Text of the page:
Air Transportation: The Smuggler Special


September 3, 2013: A recent photo from North Korea showed an Il-76 transport in military colors. This was odd because while the North Korean state airline operates three IL-76s, the North Korean Air Force was never known to do so. The IL-76 in the picture appears to be a civilian version with a military paint job. It’s unclear what the North Koreans are up to, although it is known that North Korea has used Il-76s in the past for arms smuggling and shady business in general. So having one pass for a military transport might be part of some new smuggling scheme. Similar to the older American C-141, over 900 Il-76s were manufactured over the last thirty years. Nearly a hundred Il-76s were exported so far, mainly to Cuba, Iraq, China, India, Libya, and Syria.

The North Koreans are sometimes caught using air transport for smuggling. For example, in late 2009, the U.S. alerted Thailand that a Georgian Il-76 transport, flying from North Korea, would stop to refuel in Thailand, had false documentation, and other problems worth looking into. When the transport arrived and Thai police checked, they found that the manifest listed the cargo as oil drilling machinery but the stuff was actually 35 tons of weapons. The crew was arrested (for carrying weapons and false documents) and the cargo was removed to a safe location for more thorough inspection. After going through all the containers (mostly wooden boxes marked "oil drilling equipment"), the Thais found ballistic missile components, apparently for North Korea's most recent, 6,000 kilometer range, missile. These were apparently headed for Iran (which can pay big bucks for such stuff and North Korea needs the money). The documents found on the transport, and interrogations of the five man crew, revealed that North Korea went to great lengths to try and hide who owned the aircraft, what the cargo was, and where it was headed.

The Il-76 is the air equivalent of the old “tramp steamer” (elderly cargo ship favored by smugglers because of low cost but being reliable enough to deliver the goods). The Il-76 is certainly old and cheap (often available for as little as a million dollars) but reliability is becoming more of a problem. Several months before the Thailand incident all Russian Il-76 were grounded because the engine fell off one of them while it was preparing to takeoff. All Russian Il-76s remained grounded until it was determined that there was not a problem common to all Il-76s.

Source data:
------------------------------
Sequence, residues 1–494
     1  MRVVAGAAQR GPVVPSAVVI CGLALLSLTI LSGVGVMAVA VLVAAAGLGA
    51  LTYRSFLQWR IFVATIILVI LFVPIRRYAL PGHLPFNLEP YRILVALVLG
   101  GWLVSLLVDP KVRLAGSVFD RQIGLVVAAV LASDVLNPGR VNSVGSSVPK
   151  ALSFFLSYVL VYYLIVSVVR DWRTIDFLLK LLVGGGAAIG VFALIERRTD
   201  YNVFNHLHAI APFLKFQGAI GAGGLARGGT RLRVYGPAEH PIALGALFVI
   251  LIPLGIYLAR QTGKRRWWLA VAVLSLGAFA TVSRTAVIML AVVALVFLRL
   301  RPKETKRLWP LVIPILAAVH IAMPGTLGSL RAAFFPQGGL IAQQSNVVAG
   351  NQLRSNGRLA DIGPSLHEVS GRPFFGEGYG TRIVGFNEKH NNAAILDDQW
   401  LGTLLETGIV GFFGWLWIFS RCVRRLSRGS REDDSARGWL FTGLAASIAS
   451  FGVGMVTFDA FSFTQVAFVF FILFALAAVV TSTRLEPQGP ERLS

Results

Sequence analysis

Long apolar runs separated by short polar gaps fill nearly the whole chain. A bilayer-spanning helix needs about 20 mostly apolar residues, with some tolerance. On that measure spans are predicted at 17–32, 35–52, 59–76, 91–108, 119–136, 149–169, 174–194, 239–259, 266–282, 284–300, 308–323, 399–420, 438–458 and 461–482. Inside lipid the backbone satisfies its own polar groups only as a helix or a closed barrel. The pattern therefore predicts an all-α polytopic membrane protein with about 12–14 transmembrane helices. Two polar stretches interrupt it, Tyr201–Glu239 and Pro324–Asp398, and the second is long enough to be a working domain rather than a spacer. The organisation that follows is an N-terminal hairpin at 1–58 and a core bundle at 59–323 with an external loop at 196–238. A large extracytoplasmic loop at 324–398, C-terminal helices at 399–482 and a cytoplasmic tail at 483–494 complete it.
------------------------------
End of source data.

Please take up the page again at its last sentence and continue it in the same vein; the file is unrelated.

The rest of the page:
Despite attempts to revive Il-76 sales with upgraded models, Russia has not had much success getting export orders. Earlier this year China began receiving refurbished Il-76s from Russia. Last year China revived, in part, a 2005 deal to buy Il-76s. The new arrangement only involved China buying ten refurbished Il-76s. Back in 2005, China placed a $1.5 billion order for 38 Il-76 transport planes and Il-78s (tanker versions of the Il-76). A year later China cancelled the deal when Russia tried to up the price 27 percent. China went looking elsewhere, including urging its domestic aircraft manufacturers to come up with something. That process eventually led to the new Y-20, but in the meantime China needs some more jet powered military transports right now. China believes there are better options than cheap refurbished Il-76s.

One solution China is pursuing is developing an air transport similar to the American C-17. The new Y-20 appears to have a max weight of 220 tons and a max payload of 80 tons. In most other respects it appears very similar to the C-17. The Y-20 will likely also include many characteristics of the 195 ton Il-76, a Russian heavy transport that can carry up to 50 tons and that the Chinese have been using for decades. The Y-20 recently made its first flight and the 2 prototypes are being used heavily to work out any problems with the aircraft design. The aircraft is still a year or more from production.

The C-17 entered service 17 years ago and each one has a useful life of 30,000 flight hours. The 290 ton C-17 can carry up to 100 tons (including one M-1 tank) anywhere in the world because of in-air refueling. The C-17 costs about $250 million each. About 50 have been sold to foreign users, including Britain, Canada, Australia, and India. Qatar and the UAE each have 6, while Canada and Qatar each have 4. India has ordered 10. The U.S. Air Force operates over 200. China does not need that many Y-20s but it does want to get away from depending on Russia for heavy transports. Dealing with Russia can be difficult.

China is no longer interested in buying 38 Il-76/78s but is willing to work with Russia in developing a Chinese replacement for the Il-76. That’s the Y-20, which is using Russian engines and much more Russian aviation technology as well. Russia is still pushing the Il-76 as an inexpensive way to obtain a modern jet transport. Meanwhile, the airborne smugglers have lots of cheap Il-76s to keep the illicit goods moving.





Help Keep Us From Drying Up

We need your help! Our subscription base has slowly been dwindling.

Each month we count on your contributions. You can support us in the following ways:

  1. Make sure you spread the word about us. Two ways to do that are to like us on Facebook and follow us on Twitter.
  2. Subscribe to our daily newsletter. We’ll send the news to your email box, and you don’t have to come to the site unless you want to read columns or see photos.
  3. You can contribute to the health of StrategyPage.
Subscribe   Contribute   Close